Thinking about what name you will give your child is exciting but also a serious job. Besides your own taste and preference, we should still consider many other things like the meaning of a name, the pronunciation, the initials, the nickname, the origin etc.
Though choosing your child’s name is fun, making up names by mixing yours and your partner’s names could sometimes end up a disaster. And some uncommon names that are difficult to read could end up into a lifetime task of correcting others on how your name must be pronounced. For instance, one mom named her daughter Isla which is supposed to be pronounced “eye-lah”. It sure is a very pretty name but often misread as “Iz-lah”. And how about the initials of Samuel Anderson Daniels and Alexa Shane Stewart. Definitely not the initials you want for your baby.
As for us, we agreed in choosing a common name for our little one considering our cultural and religious differences. My husband being a Muslim Lebanese prefer an Arabic Muslim name. And so I pulled out lists of Arabic baby names from the internet and started reading each one out loud. The names sound very foreign to me and so I wrote down names I liked and told my hubby that we should agree on a name that is familiar not just in Arabic countries but in other parts of the world. This has narrowed down our search. I loved the name Sophia and he liked the name as well. In my culture, though not necessary, it is common to add a second name to differentiate your name from others. So I started looking for a name that will suit the first name Sophia. Since she will be born in March, I thought of calling her Sophia Marcheline but it has made her name sound French. After months of saying different names out loud, one day, my hubby asked me why not call her Zara Sophia. I immediately googled the meaning of both names. Zara means princess and Sophia means wisdom. Both names are internationally used and we both love it. Plus, the name Zara sounds like a short version of my name. And her initials would be ZS which is a combination of our names.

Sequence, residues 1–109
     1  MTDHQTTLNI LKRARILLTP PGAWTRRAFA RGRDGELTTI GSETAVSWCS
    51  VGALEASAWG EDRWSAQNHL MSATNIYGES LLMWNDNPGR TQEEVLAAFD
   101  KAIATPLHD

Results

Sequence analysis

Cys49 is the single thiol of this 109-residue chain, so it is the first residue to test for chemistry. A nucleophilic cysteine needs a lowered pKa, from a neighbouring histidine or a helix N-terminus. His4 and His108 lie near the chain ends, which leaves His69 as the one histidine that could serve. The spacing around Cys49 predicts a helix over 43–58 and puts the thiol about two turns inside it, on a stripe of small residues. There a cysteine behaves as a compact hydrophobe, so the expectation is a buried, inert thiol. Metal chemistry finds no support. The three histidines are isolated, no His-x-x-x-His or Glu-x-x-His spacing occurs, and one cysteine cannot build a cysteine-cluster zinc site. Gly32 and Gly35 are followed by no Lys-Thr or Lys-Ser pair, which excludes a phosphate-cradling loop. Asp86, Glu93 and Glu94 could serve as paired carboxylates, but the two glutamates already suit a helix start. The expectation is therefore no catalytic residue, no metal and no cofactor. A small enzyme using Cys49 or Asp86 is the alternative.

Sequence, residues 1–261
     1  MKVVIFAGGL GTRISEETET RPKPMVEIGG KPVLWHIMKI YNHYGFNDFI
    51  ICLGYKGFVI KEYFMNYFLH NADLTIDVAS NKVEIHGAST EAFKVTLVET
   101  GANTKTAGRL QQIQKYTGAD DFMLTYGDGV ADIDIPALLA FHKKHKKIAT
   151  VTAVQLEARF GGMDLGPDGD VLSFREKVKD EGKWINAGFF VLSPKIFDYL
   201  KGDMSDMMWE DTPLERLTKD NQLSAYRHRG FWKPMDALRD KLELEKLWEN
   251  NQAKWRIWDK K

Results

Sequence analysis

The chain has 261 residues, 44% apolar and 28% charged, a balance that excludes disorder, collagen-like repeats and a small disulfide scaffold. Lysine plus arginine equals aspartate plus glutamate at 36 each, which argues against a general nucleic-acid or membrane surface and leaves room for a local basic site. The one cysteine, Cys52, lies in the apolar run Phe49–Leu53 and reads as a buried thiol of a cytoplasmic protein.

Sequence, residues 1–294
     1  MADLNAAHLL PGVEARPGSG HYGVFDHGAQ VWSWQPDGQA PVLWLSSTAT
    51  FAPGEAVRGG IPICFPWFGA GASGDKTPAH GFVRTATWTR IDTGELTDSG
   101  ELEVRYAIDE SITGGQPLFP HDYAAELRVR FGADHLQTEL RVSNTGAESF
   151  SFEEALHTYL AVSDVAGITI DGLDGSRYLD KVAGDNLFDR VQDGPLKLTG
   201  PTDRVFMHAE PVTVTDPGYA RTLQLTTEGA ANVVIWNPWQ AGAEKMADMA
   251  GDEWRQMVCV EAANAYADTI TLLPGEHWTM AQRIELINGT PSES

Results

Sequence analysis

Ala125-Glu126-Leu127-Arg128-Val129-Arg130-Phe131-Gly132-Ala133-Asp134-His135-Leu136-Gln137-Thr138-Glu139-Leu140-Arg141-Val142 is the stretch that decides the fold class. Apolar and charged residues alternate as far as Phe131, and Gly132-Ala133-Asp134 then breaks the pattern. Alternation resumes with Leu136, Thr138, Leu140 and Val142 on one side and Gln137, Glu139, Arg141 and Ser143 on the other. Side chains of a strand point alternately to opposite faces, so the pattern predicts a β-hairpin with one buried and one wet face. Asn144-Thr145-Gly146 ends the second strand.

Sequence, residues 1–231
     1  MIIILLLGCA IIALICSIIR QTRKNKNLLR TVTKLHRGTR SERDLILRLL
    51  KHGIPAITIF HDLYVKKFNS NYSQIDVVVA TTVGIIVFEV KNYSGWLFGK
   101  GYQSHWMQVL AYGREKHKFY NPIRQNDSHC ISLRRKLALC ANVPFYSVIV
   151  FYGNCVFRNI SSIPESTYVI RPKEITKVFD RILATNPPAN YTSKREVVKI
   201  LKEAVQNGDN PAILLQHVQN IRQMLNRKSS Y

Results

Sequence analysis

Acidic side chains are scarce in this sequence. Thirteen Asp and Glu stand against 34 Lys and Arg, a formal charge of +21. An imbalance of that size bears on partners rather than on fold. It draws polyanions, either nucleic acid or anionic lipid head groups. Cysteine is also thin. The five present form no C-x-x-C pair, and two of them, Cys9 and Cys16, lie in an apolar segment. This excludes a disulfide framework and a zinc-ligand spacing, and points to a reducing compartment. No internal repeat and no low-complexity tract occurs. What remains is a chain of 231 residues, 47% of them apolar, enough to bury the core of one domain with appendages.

We were so prepared for the day we would name her Zara Sophia. Unfortunately, upon registration of her birth at the Lebanese Consulate, we were told that they do not accept 2 names on the passport hence we had to drop the name Zara. I am thankful we did because now I love how the name Sophia sounds beautiful on its own.